Influence of Cross-Linked and NSF Superplasticizer on the Flow Properties of Blended Cements


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Title: Influence of Cross-Linked and NSF Superplasticizer on the Flow Properties of Blended Cements

Author(s): T. Sone, S. L. Sarkar, and H. Uchikawa

Publication: Special Publication

Volume: 148


Appears on pages(s): 153-176

Keywords: admixtures; blended cements; flowability; slump; superplasticizers; viscosity; Materials Research

Date: 9/1/1994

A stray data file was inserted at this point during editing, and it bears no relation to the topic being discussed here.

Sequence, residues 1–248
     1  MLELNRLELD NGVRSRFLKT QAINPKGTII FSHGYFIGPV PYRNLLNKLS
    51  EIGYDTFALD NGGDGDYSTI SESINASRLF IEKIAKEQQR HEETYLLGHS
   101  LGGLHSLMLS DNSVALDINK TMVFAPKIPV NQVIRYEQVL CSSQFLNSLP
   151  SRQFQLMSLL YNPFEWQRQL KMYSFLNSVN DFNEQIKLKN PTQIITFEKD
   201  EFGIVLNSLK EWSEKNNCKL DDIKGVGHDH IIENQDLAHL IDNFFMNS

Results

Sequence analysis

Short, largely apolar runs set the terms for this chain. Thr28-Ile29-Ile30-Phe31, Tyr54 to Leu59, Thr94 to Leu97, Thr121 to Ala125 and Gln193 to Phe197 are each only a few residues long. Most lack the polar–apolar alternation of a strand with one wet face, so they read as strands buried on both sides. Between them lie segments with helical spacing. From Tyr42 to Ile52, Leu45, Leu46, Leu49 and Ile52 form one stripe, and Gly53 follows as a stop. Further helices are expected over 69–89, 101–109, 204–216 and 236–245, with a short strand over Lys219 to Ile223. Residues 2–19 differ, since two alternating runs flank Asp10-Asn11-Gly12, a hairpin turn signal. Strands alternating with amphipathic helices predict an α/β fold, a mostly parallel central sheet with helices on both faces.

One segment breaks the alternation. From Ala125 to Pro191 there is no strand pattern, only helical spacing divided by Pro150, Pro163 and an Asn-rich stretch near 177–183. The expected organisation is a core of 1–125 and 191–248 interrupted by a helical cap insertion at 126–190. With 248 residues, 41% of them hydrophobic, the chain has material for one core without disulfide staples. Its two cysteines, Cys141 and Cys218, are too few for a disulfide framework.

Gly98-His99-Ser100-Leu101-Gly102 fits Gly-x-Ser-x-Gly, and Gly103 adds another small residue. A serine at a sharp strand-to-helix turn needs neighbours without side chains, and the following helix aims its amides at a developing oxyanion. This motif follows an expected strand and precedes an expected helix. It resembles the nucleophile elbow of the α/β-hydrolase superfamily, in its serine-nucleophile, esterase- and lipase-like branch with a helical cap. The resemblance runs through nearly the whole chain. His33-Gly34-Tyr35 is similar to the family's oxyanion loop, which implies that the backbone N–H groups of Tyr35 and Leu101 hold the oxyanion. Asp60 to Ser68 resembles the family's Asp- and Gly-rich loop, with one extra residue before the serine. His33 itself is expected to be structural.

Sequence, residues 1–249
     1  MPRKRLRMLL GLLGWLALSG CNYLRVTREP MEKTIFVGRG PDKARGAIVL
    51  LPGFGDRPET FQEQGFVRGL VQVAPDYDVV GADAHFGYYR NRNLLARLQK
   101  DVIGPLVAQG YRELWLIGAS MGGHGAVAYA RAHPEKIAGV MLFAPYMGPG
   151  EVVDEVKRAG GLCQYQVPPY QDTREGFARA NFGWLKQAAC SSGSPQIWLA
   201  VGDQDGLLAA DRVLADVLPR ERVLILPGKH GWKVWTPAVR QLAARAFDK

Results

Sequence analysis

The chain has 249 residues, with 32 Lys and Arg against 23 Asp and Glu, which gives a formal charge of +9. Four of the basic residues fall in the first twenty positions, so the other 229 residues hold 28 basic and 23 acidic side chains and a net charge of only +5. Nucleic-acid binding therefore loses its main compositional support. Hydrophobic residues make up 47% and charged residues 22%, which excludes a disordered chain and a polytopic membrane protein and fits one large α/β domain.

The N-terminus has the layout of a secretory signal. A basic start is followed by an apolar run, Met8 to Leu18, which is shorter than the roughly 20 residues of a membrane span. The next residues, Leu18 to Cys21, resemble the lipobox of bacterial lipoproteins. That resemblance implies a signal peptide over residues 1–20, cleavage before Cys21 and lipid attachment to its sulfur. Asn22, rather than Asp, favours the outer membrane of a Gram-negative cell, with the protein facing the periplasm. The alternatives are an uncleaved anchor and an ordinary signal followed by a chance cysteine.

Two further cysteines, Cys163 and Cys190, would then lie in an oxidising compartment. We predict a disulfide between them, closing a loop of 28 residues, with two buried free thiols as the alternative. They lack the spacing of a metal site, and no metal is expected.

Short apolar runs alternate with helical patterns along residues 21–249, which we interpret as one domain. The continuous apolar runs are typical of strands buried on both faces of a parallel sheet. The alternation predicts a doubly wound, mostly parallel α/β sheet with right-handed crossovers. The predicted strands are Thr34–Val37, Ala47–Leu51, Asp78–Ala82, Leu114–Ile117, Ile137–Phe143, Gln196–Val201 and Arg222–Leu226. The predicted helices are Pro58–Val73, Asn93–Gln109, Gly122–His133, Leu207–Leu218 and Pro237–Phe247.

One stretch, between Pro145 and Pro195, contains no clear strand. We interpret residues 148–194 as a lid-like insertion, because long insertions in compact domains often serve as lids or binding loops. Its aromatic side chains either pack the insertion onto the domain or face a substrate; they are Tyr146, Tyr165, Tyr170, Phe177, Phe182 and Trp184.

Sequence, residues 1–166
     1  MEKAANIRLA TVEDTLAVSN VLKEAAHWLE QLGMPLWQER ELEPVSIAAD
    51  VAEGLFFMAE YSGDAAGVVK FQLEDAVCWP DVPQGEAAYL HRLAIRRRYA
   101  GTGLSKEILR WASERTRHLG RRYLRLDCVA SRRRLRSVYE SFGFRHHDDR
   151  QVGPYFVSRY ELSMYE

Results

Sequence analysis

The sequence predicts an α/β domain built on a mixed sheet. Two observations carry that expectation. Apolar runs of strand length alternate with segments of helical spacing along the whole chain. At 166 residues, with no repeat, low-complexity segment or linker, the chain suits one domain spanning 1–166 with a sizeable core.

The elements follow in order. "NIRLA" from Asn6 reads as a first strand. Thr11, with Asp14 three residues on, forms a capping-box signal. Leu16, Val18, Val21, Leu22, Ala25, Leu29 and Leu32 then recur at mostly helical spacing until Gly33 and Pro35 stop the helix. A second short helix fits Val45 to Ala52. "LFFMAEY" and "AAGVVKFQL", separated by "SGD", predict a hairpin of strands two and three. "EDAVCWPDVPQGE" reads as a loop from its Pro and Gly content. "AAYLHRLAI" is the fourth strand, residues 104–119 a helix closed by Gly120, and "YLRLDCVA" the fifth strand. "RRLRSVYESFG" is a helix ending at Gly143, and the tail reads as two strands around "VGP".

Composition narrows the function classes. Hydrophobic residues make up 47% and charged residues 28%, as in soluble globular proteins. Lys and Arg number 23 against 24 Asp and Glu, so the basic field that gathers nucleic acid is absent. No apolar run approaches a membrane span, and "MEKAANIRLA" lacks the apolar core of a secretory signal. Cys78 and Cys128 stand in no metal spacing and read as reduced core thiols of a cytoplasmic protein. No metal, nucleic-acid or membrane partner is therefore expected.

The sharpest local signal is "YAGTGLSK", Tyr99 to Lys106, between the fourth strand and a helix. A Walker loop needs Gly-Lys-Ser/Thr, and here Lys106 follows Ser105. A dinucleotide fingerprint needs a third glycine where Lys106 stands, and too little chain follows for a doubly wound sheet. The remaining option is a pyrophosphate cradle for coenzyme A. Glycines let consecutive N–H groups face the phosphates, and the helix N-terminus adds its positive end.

The corporate use of mineral admixtures, such as slag, silica fume, fly ash, and superplasticizer, in concrete is steadily rising for reasons of economy, enhanced strength, low heat generation, increased durability, and better rheological control. This study reports results of the influence of a cross-linked and NSF type of superplasticizer on the flow properties of blended cements. The cross-linked superplasticizer was comprised of polycarboxylic ether and cross-linked polymer, whereas the NSF type was a modified lignin, alkysulfonate, and polymer. In view of the difference in their molecular structures, their effect was studied on two types of cement: a normal portland cement and a moderate heat portland cement (belite-rich, low in C 3A), to which different proportions of slag, silica fume, and Class C and F fly ash were added to simulate binary and ternary blended cement compositions. Following a detailed chemical and mineralogical characterization of these blending components, the slump flow of 25 mortar blends were tested at a sand-binder ratio of 1.5, with the superplasticizer dosage varying from 2.5 to 3 percent by weight of cement. The water-binder ratio of these mixes ranged from 0.31 to 0.35. Marked differences in flow characteristics (determined by different methods) were recorded as a function of the cement type, blending component, and superplasticizer composition. Viscometric measurements made on the corresponding cement paste mixtures using a rheometer also exhibit pronounced differences in terms of their apparent viscosity. The possible superplasticizer interactions that occur in these blended cementitious systems are discussed. This study reiterates the cement-superplasticizer compatibility factor currently under intense discussion among researchers.